Israel will block ‘Iranian aggression’ after Syria strikes

Missiles flying into the sky near international airport, in Damascus, Syria, Monday, Jan. 21, 2019. (SANA via AP)
Updated 21 January 2019
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Israel will block ‘Iranian aggression’ after Syria strikes

  • Netanyahu said Israel’s air strikes on Syria had mainly targeted military positions set up by Iran
  • The chain of events sparked concerns of an escalation

RAMON AIRPORT, Israel: Prime Minister Benjamin Netanyahu said Monday Israel would not allow “Iranian aggression,” after its military struck what it called Iranian targets in Syria in response to missile fire.
“Yesterday evening, the air force struck a strong blow against Iranian targets in Syria after Iran fired a missile from there toward Israel,” Netanyahu said at an inauguration ceremony for a new airport in southern Israel.
“We do not allow such acts of aggression to pass by. We are acting against Iran and against the Syrian forces who are tools of Iranian aggression.”
Israel struck what it said were facilities belonging to the Iranian Revolutionary Guards’ Quds Force early Monday in response to a missile attack it blamed on Iran.
The surface-to-surface missile, fired toward the Israeli-occupied Golan Heights on Sunday and intercepted by air defenses, followed an alleged Israeli strike in southern Syria.
The chain of events sparked concerns of an escalation, after a monitor reported 11 fighters killed in the overnight Israeli strikes.
Israel has carried out hundreds of air strikes in Syria against what it says are Iranian military targets and advanced arms deliveries to Tehran-backed Hezbollah.
It rarely publicly confirms them, though has in recent days spoken about the raids more openly.
Israel has pledged to keep arch-foe Iran from entrenching itself militarily in neighboring Syria.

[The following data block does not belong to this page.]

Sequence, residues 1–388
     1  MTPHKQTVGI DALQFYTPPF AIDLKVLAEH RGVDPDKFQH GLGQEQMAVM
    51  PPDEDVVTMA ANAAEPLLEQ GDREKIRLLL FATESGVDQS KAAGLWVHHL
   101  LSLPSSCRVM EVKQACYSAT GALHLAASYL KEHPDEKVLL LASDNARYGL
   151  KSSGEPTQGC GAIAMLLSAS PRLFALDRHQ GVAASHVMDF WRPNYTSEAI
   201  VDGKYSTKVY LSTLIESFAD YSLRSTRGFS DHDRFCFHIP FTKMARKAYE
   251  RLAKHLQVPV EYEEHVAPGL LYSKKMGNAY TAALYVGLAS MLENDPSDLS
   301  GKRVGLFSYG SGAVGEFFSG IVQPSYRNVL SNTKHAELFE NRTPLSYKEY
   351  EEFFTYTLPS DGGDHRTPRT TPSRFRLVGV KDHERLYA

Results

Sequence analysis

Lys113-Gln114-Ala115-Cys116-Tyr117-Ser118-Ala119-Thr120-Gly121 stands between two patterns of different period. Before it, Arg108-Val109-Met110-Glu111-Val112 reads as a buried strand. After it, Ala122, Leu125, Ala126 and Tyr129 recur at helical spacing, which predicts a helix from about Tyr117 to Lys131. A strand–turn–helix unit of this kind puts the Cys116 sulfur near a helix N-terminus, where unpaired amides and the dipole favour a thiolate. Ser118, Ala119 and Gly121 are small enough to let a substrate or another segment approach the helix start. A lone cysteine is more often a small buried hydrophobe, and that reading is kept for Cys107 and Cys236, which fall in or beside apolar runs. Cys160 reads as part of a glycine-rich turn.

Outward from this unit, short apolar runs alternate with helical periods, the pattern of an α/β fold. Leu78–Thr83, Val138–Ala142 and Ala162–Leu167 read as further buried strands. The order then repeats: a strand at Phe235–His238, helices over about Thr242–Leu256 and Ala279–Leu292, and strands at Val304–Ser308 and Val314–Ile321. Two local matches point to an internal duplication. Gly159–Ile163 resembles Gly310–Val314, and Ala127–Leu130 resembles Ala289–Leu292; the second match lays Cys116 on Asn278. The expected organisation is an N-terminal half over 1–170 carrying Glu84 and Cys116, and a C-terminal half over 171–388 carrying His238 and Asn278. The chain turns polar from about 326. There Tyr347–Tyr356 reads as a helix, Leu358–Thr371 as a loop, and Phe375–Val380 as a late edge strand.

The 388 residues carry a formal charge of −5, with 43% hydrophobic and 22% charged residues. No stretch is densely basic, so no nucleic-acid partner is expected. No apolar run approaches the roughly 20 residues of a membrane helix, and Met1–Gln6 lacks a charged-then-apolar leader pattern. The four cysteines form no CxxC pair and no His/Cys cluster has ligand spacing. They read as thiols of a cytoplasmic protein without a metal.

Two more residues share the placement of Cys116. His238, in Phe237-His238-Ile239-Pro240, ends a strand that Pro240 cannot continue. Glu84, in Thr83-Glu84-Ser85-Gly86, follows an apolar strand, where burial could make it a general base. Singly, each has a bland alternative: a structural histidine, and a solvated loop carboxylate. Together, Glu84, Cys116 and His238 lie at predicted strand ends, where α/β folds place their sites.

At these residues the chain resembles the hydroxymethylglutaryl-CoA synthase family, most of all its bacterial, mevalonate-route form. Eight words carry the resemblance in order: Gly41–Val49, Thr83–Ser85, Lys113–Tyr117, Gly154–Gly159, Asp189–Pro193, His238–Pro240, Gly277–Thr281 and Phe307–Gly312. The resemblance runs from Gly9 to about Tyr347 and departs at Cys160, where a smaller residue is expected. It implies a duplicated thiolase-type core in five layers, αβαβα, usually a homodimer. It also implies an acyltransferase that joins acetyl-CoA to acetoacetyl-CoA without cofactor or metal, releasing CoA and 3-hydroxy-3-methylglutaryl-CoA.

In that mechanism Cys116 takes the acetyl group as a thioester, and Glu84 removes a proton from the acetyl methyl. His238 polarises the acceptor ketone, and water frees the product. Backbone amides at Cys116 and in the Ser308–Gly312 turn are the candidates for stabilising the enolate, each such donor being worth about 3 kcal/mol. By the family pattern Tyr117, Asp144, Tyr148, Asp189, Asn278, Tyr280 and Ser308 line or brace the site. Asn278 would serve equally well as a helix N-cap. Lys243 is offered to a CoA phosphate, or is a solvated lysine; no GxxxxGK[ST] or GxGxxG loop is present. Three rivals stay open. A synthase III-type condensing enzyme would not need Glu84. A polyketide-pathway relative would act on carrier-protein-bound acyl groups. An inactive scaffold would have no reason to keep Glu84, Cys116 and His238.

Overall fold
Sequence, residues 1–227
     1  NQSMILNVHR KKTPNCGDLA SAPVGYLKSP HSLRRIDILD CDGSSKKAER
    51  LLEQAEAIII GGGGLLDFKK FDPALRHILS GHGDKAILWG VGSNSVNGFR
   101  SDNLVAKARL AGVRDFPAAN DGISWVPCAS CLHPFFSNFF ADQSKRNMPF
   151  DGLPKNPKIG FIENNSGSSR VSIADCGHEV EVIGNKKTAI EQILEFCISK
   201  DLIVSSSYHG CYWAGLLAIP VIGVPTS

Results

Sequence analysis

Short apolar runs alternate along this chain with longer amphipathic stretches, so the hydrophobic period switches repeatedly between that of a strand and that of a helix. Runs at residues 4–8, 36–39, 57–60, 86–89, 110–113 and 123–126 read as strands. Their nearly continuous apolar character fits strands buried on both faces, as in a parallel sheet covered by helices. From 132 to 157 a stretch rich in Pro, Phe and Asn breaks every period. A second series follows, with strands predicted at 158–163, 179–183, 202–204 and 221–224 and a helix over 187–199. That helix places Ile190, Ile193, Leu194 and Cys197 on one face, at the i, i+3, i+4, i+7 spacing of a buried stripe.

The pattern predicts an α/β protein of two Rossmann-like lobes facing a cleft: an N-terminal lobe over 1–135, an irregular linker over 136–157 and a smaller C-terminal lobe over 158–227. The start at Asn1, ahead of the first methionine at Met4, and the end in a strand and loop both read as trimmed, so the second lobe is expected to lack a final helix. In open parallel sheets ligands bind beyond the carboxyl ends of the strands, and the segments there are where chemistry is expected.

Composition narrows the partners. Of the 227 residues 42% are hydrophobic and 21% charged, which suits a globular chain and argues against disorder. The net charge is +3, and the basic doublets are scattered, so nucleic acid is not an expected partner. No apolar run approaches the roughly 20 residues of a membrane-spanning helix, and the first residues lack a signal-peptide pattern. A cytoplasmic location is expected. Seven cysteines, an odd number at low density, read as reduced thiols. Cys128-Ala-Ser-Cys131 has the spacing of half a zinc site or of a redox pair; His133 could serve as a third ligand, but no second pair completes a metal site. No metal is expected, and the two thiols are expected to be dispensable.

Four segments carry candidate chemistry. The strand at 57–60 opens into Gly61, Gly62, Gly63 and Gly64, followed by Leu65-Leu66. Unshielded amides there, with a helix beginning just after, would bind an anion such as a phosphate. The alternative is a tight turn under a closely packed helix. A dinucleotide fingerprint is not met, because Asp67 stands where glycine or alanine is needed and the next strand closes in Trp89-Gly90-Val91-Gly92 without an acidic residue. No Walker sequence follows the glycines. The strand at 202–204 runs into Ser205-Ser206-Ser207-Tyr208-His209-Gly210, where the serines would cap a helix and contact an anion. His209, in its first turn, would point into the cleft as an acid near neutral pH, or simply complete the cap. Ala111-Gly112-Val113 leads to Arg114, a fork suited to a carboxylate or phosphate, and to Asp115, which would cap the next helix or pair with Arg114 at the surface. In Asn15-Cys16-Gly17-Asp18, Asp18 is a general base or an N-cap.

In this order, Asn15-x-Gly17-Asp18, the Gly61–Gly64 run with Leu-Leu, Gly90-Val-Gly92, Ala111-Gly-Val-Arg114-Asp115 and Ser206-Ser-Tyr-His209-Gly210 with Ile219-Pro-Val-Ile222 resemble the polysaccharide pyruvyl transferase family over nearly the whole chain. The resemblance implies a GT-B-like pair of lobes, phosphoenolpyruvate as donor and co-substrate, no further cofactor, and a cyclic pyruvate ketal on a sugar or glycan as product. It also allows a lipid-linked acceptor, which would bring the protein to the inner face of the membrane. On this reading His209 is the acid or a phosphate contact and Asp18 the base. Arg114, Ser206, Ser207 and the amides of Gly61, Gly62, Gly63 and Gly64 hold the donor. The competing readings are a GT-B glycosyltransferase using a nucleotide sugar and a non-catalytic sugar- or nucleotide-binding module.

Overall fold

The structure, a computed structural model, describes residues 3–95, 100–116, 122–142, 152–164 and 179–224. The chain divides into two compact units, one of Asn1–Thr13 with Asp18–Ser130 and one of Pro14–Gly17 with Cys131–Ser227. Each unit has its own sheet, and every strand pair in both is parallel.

Kosovan women returned from Syria face house arrest

Updated 24 April 2019
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Kosovan women returned from Syria face house arrest

  • Four alleged militants, all men, were arrested the moment they were brought to the country
  • The state prosecution said all 32 repatriated women are under investigation

PRISTINA: Kosovo prosecutors have requested the house arrest of 16 women repatriated from Syria, saying they are suspected of joining or taking part as foreign fighters there.

The women appeared on Wednesday in court in Pristina, a day after 10 other women were put under house arrest. None have been charged with a crime.

Four alleged militants, all men, were arrested the moment they were brought to the country.

The women and children were sent to the Foreign Detention Centre in the outskirts of Pristina but were freed to go home after 72 hours.

Ten women were seen entering Pristina Basic Court in a police escort on Tuesday. The court said in a statement later that they had been placed under house arrest on charges of joining foreign armed groups and terrorist groups in Syria and Iraq from 2014 to 2019.

The state prosecution said all 32 repatriated women are under investigation and more of them are expected to appear in front of judges on Wednesday. The prosecution has yet to file charges.

After the collapse of Islamic State’s self-declared caliphate in Syria and Iraq, countries around the world are wrestling with how to handle militants and their families seeking to return to their home countries.

Kosovo's population is nominally 90 percent Muslim, but the country is largely secular in outlook. More than 300 of its citizens travelled to Syria since 2012 and 70 men who fought alongside militant groups were killed.

Police said 30 Kosovan fighters, 49 women and eight children remain in the conflict zones. The government said it plans to bring back those who are still there.

International and local security agencies have previously warned of the risk posed by returning fighters. In 2015, Kosovo adopted a law making fighting in foreign conflicts punishable by up to 15 years in prison.

On Saturday, 110 Kosovar citizens — the four alleged foreign fighters, 32 women and 74 children — were returned to Kosovo with assistance from the United States, the first such move for a European country.

Authorities say there are still 87 Kosovar citizens in Syria.